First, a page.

The future of luxury cars isn’t all about flashy vehicles that drive themselves, at least that’s what Mercedes and Maybach want the super-rich to believe.
The Daimler-owned company unveiled a new electric car concept, the Vision Mercedes-Maybach 6, on Aug. 19. The “6” actually represents how many meters long this car is, just shy of 20 feet—which is a pretty standard size for speedboats, if not sports cars. Mercedes showed off the concept in a bright shade of red, but if it repainted the Vision in black, it probably would not look out of place in a mid-1990s Batman feature.
The Vision 6 has a massive 750-horsepower engine which has a range of about 200 miles on a single charge, and can hit 60 mph in under 4 seconds, according to Bloomberg. It can also charge up to a range of about 60 miles in five minutes—much more efficient than the average quick-charging cellphone—so you’ll never have to worry about range anxiety as you drive from Davos to Monaco, or wherever the one percent need to get to these days.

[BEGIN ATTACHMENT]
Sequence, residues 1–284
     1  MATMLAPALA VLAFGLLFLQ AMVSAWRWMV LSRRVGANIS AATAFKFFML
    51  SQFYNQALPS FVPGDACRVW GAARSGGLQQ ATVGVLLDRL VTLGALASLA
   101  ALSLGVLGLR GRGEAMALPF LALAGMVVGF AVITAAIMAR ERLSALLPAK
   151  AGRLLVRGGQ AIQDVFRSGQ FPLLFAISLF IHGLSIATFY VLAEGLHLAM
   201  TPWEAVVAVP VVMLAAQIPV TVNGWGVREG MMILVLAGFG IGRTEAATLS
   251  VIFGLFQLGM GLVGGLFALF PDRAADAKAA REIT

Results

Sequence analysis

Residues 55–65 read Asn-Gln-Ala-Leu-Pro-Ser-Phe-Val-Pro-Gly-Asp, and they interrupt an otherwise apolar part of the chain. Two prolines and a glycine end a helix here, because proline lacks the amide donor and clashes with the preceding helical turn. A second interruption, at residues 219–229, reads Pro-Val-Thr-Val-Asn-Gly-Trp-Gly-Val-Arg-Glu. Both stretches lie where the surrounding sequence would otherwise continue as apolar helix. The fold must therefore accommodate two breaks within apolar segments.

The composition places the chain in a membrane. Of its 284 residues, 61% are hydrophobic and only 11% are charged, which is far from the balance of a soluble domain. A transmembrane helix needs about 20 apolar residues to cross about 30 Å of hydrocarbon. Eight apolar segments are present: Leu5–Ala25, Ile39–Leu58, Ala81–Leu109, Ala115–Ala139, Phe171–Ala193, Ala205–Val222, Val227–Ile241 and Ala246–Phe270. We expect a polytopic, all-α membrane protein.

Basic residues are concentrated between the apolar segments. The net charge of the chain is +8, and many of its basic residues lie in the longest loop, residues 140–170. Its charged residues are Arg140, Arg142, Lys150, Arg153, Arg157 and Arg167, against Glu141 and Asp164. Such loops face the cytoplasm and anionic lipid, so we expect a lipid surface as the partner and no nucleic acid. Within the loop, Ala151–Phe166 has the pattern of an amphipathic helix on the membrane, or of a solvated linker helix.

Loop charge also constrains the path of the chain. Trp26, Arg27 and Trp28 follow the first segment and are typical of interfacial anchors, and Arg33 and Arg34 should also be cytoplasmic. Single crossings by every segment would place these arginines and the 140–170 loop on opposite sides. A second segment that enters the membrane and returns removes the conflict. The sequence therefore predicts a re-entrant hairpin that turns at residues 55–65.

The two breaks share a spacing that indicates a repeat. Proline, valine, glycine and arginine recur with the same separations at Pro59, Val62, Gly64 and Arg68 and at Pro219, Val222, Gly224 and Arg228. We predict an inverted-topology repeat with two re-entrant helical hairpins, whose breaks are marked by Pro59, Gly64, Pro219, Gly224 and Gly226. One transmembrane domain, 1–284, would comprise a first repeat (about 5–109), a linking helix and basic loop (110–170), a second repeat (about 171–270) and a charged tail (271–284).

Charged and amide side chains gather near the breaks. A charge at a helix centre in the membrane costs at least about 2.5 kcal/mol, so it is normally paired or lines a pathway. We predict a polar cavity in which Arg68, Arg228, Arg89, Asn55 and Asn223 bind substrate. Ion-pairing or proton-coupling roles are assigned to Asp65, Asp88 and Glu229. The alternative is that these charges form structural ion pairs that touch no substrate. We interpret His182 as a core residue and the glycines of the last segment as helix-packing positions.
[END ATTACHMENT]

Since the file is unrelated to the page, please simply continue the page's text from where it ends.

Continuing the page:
While this concept car won’t be available for recent Maybach customers like Jay-Z to buy, it’s supposed to reflect what a high-end Mercedes will look like in the next decade or so, Bloomberg said. (Past Maybach models, which Mercedes relaunched as a brand in 2012, have cost between $100,000 and $1 million.) Mercedes executives likened the concept to a prized family heirloom, suggesting that it’s more than just a piece of technology that you’ll passively enjoy for a few years, and then move on to the next shiny new thing.
“This is a car you want to drive yourself,” Gorden Wagener, Daimler’s head of design, told Bloomberg. “This is something you pass to your children, like a Leica camera or a chronograph watch. Driving has been a pleasure since 130 years and will stay that way another 130 years.”
Although Mercedes itself is working on some (equally luxurious) self-driving cars, it seems that the company, sees the long-term future of cars at least in some part controlled by humans. Then again, Ford’s CEO Mark Fields previously told Quartz that he doesn’t see producing a self-driving Mustang anytime soon. Perhaps some slice of humanity will always just want to go really, really fast, in really, really expensive cars.